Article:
One of the things I’ve come to realise I need more and more on an everyday basis is safe spaces. These are spaces where I don’t have to pretend to be normal, with all the anxiety and eventual exhaustion that can bring. In a safe space I can take off the mask, ignore what I have been told is the fundamental strangeness of my own body language, and concentrate on the task at hand.
Since I got my diagnosis I’ve worked on making lots of everyday spaces “safe” for me as I am. I started small: with little changes to my negative internal dialogue home quickly became a safe space, and I found some quiet places at work where I could escape for periods of respite. But then I started to look at work in the wider sense, as somewhere I spend 40 hours every week and have to achieve certain goals. I enjoy my work – especially when the science is going well – but I’m not given the space to be alone and concentrate. So I realised I had to try to make more working spaces safe, even though I might encounter other people.
The process was objectively straightforward, but slow, and it wasn’t easy. Starting with my manager and a few trusted colleagues, I took each person aside individually. I talked to them about the fact that I was autistic, and that my behaviours and responses might not mean what they expected them to mean. I told them about taking things literally and not always knowing how to act in social situations. The responses were generally encouraging, if awkward at times, and I gradually gained confidence in talking to people I did not know so well. Later I organised some formal training to help give my colleagues a wider overview of what autism actually means. Now my desk at work, despite the open plan layout, can be an almost-safe space maybe 90% of the time.
Recently I’ve started working on safe spaces for other parts of my life. I go to a couple of choirs, and I’ve started to pick out individuals who might be supportive. What I’ve realised is that unless there’s an outright bully in a setting like that, it only takes two or three people to know what you’re struggling with to make the space relatively comfortable. Making routine activities safe is the difference between fighting my environment every time I leave the house, and only fighting it once or twice a week. I have more energy to deal when things go wrong.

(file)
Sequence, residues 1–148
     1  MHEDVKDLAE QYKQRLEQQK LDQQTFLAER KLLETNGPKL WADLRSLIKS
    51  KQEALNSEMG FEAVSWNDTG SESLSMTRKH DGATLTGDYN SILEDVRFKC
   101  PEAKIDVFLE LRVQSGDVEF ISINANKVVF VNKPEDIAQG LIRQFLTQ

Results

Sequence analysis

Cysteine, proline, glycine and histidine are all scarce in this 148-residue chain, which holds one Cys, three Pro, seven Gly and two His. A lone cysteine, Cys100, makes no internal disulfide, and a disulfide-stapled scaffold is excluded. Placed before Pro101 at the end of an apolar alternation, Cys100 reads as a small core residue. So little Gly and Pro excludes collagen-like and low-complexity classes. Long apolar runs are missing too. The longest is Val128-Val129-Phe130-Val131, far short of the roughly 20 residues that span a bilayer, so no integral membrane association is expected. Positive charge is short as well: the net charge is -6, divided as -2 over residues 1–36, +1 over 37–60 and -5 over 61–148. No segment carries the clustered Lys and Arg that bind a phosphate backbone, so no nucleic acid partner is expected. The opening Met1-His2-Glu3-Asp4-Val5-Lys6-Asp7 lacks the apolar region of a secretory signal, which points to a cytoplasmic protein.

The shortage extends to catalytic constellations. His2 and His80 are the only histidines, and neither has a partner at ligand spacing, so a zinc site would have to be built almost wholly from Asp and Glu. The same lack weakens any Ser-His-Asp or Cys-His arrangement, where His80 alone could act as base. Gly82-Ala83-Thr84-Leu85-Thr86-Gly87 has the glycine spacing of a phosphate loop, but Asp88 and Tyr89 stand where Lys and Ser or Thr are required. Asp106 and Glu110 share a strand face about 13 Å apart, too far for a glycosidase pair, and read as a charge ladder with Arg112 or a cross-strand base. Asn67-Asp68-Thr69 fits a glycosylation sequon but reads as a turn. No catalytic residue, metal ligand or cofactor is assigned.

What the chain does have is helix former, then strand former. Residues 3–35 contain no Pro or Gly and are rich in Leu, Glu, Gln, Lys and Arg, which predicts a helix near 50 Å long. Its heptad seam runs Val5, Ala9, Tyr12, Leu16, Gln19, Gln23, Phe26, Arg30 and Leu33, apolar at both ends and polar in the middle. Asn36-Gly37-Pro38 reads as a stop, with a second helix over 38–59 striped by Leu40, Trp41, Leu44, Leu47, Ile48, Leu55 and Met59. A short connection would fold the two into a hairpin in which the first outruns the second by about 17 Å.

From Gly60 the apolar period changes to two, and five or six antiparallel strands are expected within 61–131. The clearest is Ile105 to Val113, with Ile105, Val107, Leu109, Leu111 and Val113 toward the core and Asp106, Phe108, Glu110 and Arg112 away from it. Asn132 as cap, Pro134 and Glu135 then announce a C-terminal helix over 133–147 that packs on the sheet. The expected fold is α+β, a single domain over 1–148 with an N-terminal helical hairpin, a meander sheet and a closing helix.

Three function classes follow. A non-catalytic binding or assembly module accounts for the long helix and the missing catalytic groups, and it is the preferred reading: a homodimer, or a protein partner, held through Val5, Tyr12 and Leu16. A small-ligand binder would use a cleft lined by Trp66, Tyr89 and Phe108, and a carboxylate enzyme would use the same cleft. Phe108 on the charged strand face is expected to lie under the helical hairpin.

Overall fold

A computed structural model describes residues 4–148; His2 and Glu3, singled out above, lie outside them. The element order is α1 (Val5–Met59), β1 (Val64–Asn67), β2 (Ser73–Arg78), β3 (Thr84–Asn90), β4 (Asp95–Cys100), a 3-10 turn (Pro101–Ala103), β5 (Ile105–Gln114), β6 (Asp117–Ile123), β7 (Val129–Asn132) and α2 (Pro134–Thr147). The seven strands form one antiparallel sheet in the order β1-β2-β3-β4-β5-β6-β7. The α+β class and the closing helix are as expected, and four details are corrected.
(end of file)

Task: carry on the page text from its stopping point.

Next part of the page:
I’ve been really lucky in encountering positive attitudes with everyone I’ve approached. An integral part of that was being surrounded by the right people, but there was also work on my part to help things go smoothly. Painstaking care and preparation went into choosing who would make a good ally and who would not. It’s important to trust your instincts here: anyone I didn’t feel I could or should approach, I left to the formal training at work, and in other settings I have learned to avoid. Timing and setting are also important, if you can control them. Disclosing in a crisis (which has happened to me on occasion) is not ideal!
But the lesson I’ve learned over the past year or so is that while “alone time” is crucial as a safe space where I can be myself, it’s not the only one. Other people can help to build and defend safe spaces for me throughout my world. Those safe spaces will be more transitory, and less than the 100% safety of solitude at home, but they are there. Learning to identify those transitory spaces and ask for that help to build has given me more confidence, and I hope will continue to do so over the years to come.